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ERIC Number: ED228107
Record Type: RIE
Publication Date: 1982-Sep
Reference Count: 0
Economic Attainment through Marriage and Personal Achievement: A Comparison of White Men and Women in the United States.
Glenn, Norval D.; Taylor, Patricia Ann
Total family income is attributed either to marriage and to personal achievement (earnings) for both spouses, also taking account of the educational attainment of each. Data were taken from the 1973-1977 General Social Surveys conducted by the National Opinion Research Center. The research consisted of yearly interviews with approximately 1500 respondents. This study is limited to married white persons ages 25-54. The amount of the respondent's personal income was related to total family income. The difference between personal income and total family income was then attributed to the marriage. Each increment of education above 0-8 years was associated with a greater increment in median family income for women than for men. A large porportion of the men's family income came from personal achievement while a large proportion of the women's family income came from marriage. The typical payoff of a year of education to women through marriage was substantially greater than the payoff to men through personal achievement. This finding suggests that education increased young women's marital desirability. Changing attitudes toward reliance on marriage for economic attainment among female birth cohorts now entering adulthood will decrease differences found in this study. (KC)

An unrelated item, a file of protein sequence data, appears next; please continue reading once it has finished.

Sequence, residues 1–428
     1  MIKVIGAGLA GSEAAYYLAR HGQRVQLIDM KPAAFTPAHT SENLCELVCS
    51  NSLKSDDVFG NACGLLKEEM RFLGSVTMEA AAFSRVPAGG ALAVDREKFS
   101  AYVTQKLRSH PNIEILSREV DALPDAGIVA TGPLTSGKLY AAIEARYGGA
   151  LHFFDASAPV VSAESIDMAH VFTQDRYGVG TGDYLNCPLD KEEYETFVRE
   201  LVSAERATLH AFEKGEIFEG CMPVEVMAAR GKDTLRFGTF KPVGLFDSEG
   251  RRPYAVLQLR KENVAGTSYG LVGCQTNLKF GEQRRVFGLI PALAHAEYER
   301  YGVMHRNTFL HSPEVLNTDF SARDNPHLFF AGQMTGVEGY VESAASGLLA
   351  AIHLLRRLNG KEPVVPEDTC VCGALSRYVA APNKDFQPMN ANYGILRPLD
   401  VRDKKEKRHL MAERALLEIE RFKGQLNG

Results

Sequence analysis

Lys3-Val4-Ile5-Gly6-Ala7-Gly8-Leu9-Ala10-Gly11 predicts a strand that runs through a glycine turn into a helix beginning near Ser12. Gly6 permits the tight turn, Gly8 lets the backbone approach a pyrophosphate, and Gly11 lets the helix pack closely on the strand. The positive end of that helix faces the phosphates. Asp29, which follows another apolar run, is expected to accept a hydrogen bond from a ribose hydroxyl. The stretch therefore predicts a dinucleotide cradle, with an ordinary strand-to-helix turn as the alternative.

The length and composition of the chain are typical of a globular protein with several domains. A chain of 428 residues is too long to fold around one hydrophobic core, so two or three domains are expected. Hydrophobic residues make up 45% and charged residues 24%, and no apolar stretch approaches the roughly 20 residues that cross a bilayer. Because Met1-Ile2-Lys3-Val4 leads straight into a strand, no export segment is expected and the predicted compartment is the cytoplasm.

Publication Type: Reports - Research; Speeches/Meeting Papers
Education Level: N/A
Sponsor: National Science Foundation, Washington, DC.
Authoring Institution: N/A
Note: Paper presented at the Annual Meeting of the American Sociological Association (San Francisco, CA, September, 1982). Not available in paper copy due to marginal legibility of original document.